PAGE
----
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NHS Fife launches a two-year telehealth pilot for care for patients with CHF

Tunstall Group : 28 October, 2010  (Company News)
NHS Fife launches a two-year telehealth pilot involving up to 80 patients using Tunstall Healthcare’s advanced telehealth solutions to transform care for patients with Chronic Heart Failure (CHF).
The new service empowers them to self-manage their condition at home, improving their quality of life and reducing avoidable hospital admissions.

As part of the service, NHS Fife uses Tunstall’s icp integrated care platform, which includes the mymedic and icp triagemanager solutions, to support integrated, fully managed and patient-centred care.

The NHS Board is working with Fife Council to prevent unnecessary patient hospitalisation by taking an anticipatory approach to the care of people with long-term conditions.

Dr Suzanne Brannan, Clinical Lead for Telehealth Fife Primary Care NHS said: “We anticipate that this Telehealth Pilot will improve the quality of life for the enrolled patients with cardiac failure by allowing them to monitor their condition in the comfort of their own homes. The telemonitoring will allow Dr Francis, Consultant Cardiologist, and his team to identify a trend of deterioration, which will enable them to intervene before patients need to be admitted to hospital”.

Lorna Taggerty, eHealth Delivery Specialist for NHS Fife said: “Feedback from clinicians so far has been extremely positive and they have been very involved in setting up the service. We have benefited from the support of Tunstall in setting up the project and we are now looking forward to seeing the positive results Telehealth will bring to the community.”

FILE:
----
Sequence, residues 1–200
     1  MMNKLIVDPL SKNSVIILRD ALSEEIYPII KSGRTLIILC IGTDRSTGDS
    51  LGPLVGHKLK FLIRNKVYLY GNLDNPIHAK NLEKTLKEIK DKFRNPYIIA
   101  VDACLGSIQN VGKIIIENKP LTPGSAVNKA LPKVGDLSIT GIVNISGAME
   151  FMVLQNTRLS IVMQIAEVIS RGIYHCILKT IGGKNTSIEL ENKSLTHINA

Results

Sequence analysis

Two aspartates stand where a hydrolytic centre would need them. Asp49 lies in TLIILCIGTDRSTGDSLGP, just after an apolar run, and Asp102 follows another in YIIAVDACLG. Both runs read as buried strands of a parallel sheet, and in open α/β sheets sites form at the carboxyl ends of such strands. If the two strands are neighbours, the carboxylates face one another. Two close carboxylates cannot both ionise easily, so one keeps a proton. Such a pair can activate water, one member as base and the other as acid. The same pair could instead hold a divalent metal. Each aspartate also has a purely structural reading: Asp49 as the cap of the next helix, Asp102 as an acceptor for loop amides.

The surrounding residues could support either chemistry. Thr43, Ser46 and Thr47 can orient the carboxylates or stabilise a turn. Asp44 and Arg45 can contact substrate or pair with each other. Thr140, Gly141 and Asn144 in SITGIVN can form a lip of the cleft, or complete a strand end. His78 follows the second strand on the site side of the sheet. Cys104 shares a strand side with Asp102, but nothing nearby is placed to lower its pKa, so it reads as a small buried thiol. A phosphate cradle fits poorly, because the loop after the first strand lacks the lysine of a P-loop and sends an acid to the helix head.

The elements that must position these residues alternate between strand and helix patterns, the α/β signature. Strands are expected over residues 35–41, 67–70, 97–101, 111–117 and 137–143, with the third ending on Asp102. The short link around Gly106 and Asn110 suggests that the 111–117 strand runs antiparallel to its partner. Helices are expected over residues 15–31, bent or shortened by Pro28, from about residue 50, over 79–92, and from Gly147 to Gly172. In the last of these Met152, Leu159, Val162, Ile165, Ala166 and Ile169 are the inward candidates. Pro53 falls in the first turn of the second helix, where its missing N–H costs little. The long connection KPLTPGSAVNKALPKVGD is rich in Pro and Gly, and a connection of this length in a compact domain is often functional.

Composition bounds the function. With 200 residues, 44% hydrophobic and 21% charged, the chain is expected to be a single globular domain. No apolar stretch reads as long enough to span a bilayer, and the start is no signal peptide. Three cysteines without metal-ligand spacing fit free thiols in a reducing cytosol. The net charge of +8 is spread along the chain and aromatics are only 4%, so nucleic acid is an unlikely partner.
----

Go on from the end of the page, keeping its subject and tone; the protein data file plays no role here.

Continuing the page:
Patients will be provided with a palm sized device, which can be used at home or away from home, to take their ECG recordings. These will then be transmitted via their mymedic unit to the icp triagemanager software for viewing by a clinician who is then able to identify possible arrhythmia events. The mymedic unit will also ask the patient a short series of questions relating to their health and wellbeing, and the answers to these, as well as the user’s blood pressure and weight readings, will also be sent to the clinician to provide a comprehensive picture of the patient’s health.

Having such early visibility of potential problems will help to reduce the patients’ trips to GP surgeries, avoid emergency admissions to hospital, and reduce the frequency of nurse home visits.; this lessens the burden on primary and acute care providers alike and ensures NHS resources are used effectively.

Over the two-year period 80 patients with CHF will receive Telehealth solutions on a rotation basis for a period of six months each. After this time it is hoped the patients, with the support of specialist nurses, will be better able to manage their own symptoms. The service will be manned by specialist nurses in the Cardiology Service.

NHS Fife will be capturing and analysing all relevant data and costs to determine the level of savings and benefits delivered by the initiative, and they will also monitor and measure the patient experience and satisfaction with the technology and service provided.
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